Pearson, Marlys, and Paul R. Mullins, 1999. Domesticating Barbie: An Archaeology of Barbie Material Culture and Domestic Ideology.  International Journal of Historical Archaeology 3/4, pp 228-29.

Bahr, Sarah (2020). Ms Understood: Barbie turns 50. Indianapolis Monthly.

Van Buskirk, Gregory, 2018. Antithesis to Barbie: Toys for Little Homemakers. American Icons, Temple University.

Russo, Claire, 2007. Bratz Dolls: An Example of Modern Day Figurines? Joukowsky Institute for Archaeology & the Ancient World, Brown University.

Bailey, Douglas; 2005. Prehistoric Figurines: Representation and Corporeality in the Neolithic. Routledge. Taylor & Francis.

(More than) four Friday Photos: 9

[Every Friday I’m posting, for the fun of it, four photographs selected pretty much at random from my hard drives. They were captured with a variety of technologies, from analogue through early digital to my latest cameras, so their quality, both artistic and technical, may vary!]

This week my photos are all from the Northumberland coast, a wonderful place that offers great walking, castles, beaches, cliffs, traces of industry and superb geology. This week I couldn’t limit myself to four photos though, just in case you might think I can’t count!

First, the beautiful, abstract patterns on the rocks near Dunstanburgh:

Next, a view of Dustanburgh Castle against a gloomy sky:

Dunstanburgh Castle
WW2 concrete block, with the Farne Islands on the horizon

On some of the beaches there are relics of the second world war, pillboxes and concrete tank traps to ward off an invasion that thankfully never came.

Lots to photograph at Alnmouth:


Berwick upon Tweed is a town full of interest. I took too many photos to even try to share here, but I loved this never-to-be-opened doorway. If you look carefully, at its base is a section across the cut off track of a little narrow gauge railway, which by peering through a gap in the door, I could see continuing on the inside.

“This Door to be Kept Shut by Order” Berwick. Evidence of narrow gauge railway at its base.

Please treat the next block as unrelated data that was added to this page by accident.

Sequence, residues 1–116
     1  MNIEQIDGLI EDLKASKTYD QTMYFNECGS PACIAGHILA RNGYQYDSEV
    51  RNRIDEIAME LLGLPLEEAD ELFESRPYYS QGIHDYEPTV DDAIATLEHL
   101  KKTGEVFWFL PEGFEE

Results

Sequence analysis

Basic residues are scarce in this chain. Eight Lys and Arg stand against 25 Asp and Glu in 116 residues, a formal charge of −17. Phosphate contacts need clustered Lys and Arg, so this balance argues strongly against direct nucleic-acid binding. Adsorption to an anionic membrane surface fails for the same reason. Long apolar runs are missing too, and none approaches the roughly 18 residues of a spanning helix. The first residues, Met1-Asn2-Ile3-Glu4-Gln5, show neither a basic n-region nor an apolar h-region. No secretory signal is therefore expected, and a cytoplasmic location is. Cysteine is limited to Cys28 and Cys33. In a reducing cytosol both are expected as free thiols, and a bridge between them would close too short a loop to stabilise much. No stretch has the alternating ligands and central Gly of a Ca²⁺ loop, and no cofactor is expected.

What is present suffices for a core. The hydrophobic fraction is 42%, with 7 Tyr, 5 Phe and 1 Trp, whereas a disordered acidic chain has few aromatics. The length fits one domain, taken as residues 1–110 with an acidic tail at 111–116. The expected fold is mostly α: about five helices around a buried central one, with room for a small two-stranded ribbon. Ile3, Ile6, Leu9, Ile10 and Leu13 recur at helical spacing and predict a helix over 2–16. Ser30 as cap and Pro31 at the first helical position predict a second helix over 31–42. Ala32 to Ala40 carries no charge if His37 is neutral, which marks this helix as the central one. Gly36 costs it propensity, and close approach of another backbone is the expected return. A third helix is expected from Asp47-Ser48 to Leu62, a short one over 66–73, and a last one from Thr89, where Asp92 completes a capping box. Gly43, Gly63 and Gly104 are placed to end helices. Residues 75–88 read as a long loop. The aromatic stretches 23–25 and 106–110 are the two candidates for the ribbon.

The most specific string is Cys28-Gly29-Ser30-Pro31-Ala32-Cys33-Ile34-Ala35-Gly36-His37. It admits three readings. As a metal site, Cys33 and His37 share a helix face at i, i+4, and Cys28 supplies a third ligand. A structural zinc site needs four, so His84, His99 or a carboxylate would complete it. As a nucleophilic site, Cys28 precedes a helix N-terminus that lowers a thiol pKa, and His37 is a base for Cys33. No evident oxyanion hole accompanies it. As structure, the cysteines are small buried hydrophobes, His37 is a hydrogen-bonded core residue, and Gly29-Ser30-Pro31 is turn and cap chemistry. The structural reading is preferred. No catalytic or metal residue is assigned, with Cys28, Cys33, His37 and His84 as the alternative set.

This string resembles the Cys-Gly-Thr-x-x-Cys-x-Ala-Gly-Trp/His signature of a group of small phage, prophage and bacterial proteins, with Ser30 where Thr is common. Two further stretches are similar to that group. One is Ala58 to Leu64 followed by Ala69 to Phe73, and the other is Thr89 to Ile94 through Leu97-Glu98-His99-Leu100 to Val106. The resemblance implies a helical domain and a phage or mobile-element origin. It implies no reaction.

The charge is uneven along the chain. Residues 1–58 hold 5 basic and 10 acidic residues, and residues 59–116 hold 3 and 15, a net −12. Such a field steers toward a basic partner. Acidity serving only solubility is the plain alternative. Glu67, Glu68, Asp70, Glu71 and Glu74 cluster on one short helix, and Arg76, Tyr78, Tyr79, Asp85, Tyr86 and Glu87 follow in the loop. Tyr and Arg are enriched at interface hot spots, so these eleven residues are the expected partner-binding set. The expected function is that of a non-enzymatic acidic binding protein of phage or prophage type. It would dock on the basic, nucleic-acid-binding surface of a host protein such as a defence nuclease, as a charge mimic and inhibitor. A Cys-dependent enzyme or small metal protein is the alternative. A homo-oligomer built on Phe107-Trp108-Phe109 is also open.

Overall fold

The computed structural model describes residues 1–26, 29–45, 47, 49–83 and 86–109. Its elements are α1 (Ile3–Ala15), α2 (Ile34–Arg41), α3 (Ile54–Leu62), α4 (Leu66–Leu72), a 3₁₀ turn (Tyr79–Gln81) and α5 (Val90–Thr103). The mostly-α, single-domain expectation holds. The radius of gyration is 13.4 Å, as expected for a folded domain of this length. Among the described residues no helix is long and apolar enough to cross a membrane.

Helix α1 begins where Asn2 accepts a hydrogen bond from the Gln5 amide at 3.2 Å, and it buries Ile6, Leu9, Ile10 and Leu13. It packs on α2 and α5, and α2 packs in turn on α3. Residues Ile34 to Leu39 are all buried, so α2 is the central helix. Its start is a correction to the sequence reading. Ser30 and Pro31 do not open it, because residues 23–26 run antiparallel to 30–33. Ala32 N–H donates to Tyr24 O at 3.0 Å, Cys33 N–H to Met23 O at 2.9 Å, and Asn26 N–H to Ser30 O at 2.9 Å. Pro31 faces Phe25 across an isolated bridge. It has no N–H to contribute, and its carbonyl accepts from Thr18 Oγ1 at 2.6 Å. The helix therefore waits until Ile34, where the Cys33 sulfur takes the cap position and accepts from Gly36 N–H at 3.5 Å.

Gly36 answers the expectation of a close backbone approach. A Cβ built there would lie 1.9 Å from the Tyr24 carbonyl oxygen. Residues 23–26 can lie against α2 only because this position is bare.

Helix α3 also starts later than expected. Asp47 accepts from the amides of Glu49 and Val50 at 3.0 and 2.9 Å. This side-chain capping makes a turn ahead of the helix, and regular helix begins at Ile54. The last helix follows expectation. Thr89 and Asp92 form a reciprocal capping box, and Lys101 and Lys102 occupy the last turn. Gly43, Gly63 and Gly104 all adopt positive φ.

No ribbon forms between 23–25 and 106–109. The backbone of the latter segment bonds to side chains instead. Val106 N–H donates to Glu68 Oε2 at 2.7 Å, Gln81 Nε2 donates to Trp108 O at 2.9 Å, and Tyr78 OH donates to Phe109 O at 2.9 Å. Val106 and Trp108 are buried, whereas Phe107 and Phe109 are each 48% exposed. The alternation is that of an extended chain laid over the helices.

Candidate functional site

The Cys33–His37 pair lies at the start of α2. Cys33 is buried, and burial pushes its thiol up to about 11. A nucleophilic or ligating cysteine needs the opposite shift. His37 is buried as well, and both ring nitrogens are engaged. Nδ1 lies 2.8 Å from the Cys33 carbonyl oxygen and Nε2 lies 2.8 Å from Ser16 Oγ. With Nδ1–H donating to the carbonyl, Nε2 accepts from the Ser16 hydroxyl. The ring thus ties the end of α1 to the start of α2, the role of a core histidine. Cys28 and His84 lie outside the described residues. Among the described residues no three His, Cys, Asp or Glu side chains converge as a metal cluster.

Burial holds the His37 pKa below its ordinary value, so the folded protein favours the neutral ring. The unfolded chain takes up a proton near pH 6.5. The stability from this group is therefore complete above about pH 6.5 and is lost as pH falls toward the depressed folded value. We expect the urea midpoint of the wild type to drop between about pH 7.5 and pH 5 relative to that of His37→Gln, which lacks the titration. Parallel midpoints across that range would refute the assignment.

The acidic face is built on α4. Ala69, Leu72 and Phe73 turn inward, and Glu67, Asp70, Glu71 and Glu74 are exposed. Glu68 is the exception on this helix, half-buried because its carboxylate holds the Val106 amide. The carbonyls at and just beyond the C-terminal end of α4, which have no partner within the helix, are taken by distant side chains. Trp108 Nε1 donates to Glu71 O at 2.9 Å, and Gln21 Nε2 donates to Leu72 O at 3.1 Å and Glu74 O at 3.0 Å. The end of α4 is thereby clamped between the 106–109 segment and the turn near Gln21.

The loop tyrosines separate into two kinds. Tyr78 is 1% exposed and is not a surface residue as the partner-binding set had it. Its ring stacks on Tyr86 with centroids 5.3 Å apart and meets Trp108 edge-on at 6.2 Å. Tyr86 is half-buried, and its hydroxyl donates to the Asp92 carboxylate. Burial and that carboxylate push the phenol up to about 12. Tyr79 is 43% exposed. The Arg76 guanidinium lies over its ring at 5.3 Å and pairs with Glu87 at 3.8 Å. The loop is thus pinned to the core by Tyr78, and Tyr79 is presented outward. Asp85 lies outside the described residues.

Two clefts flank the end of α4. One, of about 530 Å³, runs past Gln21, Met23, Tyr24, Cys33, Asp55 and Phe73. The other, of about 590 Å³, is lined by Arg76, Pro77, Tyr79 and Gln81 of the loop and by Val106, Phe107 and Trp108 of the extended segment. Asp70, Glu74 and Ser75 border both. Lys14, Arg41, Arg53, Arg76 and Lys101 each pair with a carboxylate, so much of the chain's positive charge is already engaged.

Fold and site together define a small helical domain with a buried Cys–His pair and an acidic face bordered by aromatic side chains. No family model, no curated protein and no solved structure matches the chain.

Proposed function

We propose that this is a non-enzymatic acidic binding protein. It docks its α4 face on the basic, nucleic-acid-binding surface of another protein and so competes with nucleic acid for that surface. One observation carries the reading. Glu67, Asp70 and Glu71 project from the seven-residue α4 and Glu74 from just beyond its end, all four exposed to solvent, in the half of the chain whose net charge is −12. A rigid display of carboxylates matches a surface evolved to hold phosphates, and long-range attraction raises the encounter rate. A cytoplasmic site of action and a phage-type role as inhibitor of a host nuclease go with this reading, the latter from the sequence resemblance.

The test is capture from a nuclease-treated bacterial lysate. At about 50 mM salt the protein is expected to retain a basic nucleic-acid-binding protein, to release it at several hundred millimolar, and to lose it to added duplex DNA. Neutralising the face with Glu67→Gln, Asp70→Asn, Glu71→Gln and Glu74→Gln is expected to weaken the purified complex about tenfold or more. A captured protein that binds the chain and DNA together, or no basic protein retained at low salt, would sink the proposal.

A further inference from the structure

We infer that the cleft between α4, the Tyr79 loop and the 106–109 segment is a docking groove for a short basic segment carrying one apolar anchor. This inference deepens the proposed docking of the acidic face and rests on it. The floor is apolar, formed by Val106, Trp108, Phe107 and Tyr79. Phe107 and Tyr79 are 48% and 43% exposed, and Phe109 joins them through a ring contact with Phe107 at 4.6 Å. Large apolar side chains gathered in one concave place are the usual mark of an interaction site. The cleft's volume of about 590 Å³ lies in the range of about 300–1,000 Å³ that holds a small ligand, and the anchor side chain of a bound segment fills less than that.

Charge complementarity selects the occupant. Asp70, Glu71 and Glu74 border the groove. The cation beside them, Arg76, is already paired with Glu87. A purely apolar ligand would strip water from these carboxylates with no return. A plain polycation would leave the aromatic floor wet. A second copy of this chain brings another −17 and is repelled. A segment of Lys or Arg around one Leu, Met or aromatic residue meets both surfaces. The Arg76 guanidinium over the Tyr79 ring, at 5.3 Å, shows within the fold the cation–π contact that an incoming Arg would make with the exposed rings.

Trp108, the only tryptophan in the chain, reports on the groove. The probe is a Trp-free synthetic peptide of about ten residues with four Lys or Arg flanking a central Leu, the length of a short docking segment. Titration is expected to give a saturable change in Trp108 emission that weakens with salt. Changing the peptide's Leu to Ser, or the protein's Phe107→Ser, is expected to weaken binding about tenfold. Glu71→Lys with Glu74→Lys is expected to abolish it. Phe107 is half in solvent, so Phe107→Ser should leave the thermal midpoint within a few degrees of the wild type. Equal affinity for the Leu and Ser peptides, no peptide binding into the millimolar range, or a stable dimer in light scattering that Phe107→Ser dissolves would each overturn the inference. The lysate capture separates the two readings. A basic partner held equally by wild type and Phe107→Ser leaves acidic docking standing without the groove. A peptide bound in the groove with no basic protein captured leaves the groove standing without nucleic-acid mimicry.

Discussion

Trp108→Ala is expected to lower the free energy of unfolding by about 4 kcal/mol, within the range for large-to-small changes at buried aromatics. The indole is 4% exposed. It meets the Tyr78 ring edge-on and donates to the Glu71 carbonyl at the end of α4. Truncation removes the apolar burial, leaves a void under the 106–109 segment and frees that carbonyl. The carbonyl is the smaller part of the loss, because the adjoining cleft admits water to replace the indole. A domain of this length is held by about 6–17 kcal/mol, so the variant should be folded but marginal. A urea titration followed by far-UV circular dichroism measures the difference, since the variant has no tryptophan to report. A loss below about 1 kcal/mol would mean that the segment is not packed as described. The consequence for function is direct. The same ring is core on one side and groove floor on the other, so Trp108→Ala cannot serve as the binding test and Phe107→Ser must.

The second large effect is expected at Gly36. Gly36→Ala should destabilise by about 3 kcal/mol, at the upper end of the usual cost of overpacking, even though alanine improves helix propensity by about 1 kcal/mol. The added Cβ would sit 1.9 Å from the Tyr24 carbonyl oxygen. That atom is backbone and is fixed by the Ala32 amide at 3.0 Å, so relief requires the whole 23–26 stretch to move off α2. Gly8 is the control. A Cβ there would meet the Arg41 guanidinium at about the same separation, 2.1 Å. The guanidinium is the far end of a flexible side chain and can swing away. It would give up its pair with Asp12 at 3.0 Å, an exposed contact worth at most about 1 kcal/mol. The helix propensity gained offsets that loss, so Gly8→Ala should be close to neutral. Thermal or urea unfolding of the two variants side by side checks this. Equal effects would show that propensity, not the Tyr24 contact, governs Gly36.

Me and L, Warkworth Castle.

Finally, I don’t often appear in my own photographs unless there’s a handy wall on which to rest a camera for a time-release shot.

Wednesday Walk: 9

[Since I’m not able to ramble as much as I’d like at the moment, I’m remembering some hikes from the past.]

Rio Cajula, Spain

Looking back from the start…

This walk was fun, but was a lot longer than our guide book stated. So a certain companion was a little grumpy by the end!

It included lots of ruins, and great views, despite the heat haze (it was December after all)…

A window through which only ghosts look at the view.
The home stretch at last!

My album is HERE.

My Museum Monday: 9

A tragic story

Vest Pocket Kodak camera, 1915-1926

This is my second vest pocket camera. The first, given to me by a long-ago friend in 1972, vanished a couple of decades later in the chaotic aftermath of a suddenly-ended relationship.

So I was excited to find another identical camera in a charity shop  about 10 years later. I think I paid £4 for it. What was  even more exciting was that it contained an exposed film! What magic might that roll of film reveal? Another couple of decades passed before I managed to get the photography technician at Manchester School of Art, where I was studying for my PhD, to develop the film for me.

I wonder what stories were captured by this shutter and lens…

Then, horror of horrors, another, never identified, student stole it from the drying room. So I never got to see what was on it! 

So now I shall have to search for another camera with an exposed film. Ho hum. Actually both my Olypus OM cameras (OM 1  and OM2) still have films in them, left over from my final pre-digital days back in 2002. I can’t for the life of me remember what might be on them!

The hinged flap and stylus allowing the user to write on the back of the film.

The vest pocket camera dates from 1915-1926, and has an opening on the back, with an attached stylus, with which notes could be inscribed on the paper film backing. Because of its small size, the camera was hugely popular with soldiers during the first world war.

Four Friday Photos: 8